Editors' note: This review is part of our 2010 retail laptop and desktop back-to-school roundup, covering specific fixed configurations of popular systems that can be found in retail stores.
We won't spend too many words on this review since it's a straightforward case. Considering it features lesser specs than a $429 eMachines desktop, we cannot recommend the $489 Dell Inspiron i560-2050NBK.
We don't have anything against the Dell's chassis, but it's not that remarkable, either. Like most midtower PCs, it comes in unobtrusive glossy black. A media card reader and a DVD burner hide behind two doors on the front panel, features you'll also find on the eMachines ET1831-07.
|Dell Inspiron i560-2050NBK||eMachines ET1831-07|
|CPU||2.7GHz Intel Pentium Dual Core E5400||2.7GHz Intel Pentium Dual Core E5400|
|Memory||4GB 800MHz DDR2 SDRAM||4GB 800MHz DDR2 SDRAM|
|Graphics||32MB (shared) Intel GMA X4500 HD||256MB (shared) NVIDIA GeForce 7050 integrated graphics chip|
|Hard drives||500GB, 7,200 rpm||750GB, 7,200 rpm|
|Optical drive||dual-layer DVD burner||dual-layer DVD burner|
|Networking||Gigabit Ethernet||10/100 Ethernet LAN|
|Operating system||Windows 7 Home Premium (64-bit)||Windows 7 Home Premium (64-bit)|
The side-by-side comparison between these two PCs tells you most of what you need to know. They have the same CPU and the same amount of 800MHz system memory. Neither offers wireless networking or other unique features, but the eMachines has a larger hard drive for a lower price than the Dell. We've even seen that eMachines on sale for $389, so be sure to shop around. Perhaps within the confines of a Best Buy store, where you won't find the eMachines system, the Inspiron i560-2050NBK might look like a reasonable deal. Hopefully you'll have read this review first, or conducted your own comparison, and will know better.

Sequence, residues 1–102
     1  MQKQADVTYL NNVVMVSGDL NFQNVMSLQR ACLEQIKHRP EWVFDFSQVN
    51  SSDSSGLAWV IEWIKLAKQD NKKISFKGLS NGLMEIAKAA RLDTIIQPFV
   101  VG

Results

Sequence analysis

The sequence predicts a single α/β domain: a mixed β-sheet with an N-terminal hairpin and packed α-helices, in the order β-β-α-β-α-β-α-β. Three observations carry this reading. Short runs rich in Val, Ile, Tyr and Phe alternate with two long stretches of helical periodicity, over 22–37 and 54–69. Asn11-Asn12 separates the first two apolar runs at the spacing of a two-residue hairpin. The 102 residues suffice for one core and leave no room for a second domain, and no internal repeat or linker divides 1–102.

(Shorter bars indicate better performance)
(Shorter bars indicate better performance)
(Longer bars indicate better performance)
|Rendering multiple CPUs||Rendering single CPU|
We find it interesting when PCs with roughly the same specs have noticeable performance variations. We suspect the Dell enjoys a minor edge over the eMachines on our iTunes and Photoshop tests due to its Intel P45 chipset, which is more recent, and allocates less memory to graphics than the eMachines' Nvidia NForce 620i chipset. It's also possible that the eMachines' beefier graphics memory allocation helps propel it slightly past the Dell on our CineBench multithreaded test. In any case, neither systems' performance advantage is large enough to make a dramatic impact on your daily productivity. We can comfortably call the performance comparison a wash between these two PCs. If you're looking for a bit more speed in a low-cost desktop, we'd point you to the Asus Essentio CM5671-05. That system costs $499, $10 more than the Dell, and features both a faster CPU and twice as much hard-drive space.
We'll concede that the Dell can claim its HDMI output as its single material feature advantage over the eMachines. We don't expect many people would willingly connect a midtower PC to a TV in their living room, especially considering the smaller slim tower and Nettop options in the same price range. For that reason, we don't place a premium on HDMI in budget midtowers.
We can't say we'd prefer fewer video outputs, either, but like the eMachines, the Dell is limited in its video-playback capabilities. It will handle Flash and Silverlight-based video online, which covers the likes of Hulu, NetFlix, YouTube, and other sources, including streamed 1080p content. The Dell stumbled on 1080p Quicktime video, though, dropping enough frames to make for an irritating viewing experience. Perhaps due to its video chip, the eMachines system had a harder time with some video files, so the Dell has a minor edge here as well, but that's not enough to overcome its generally poor value.
You do get some room to expand the Inspiron i560-2050NBK, although we don't recommend it as an upgrade platform any more than we do for its current specifications. You get a 16x PCI Express graphics card slot, two 1x PCI Express slots, and a single standard PCI slot. There's also room to add a second hard drive, but all four RAM slots are occupied.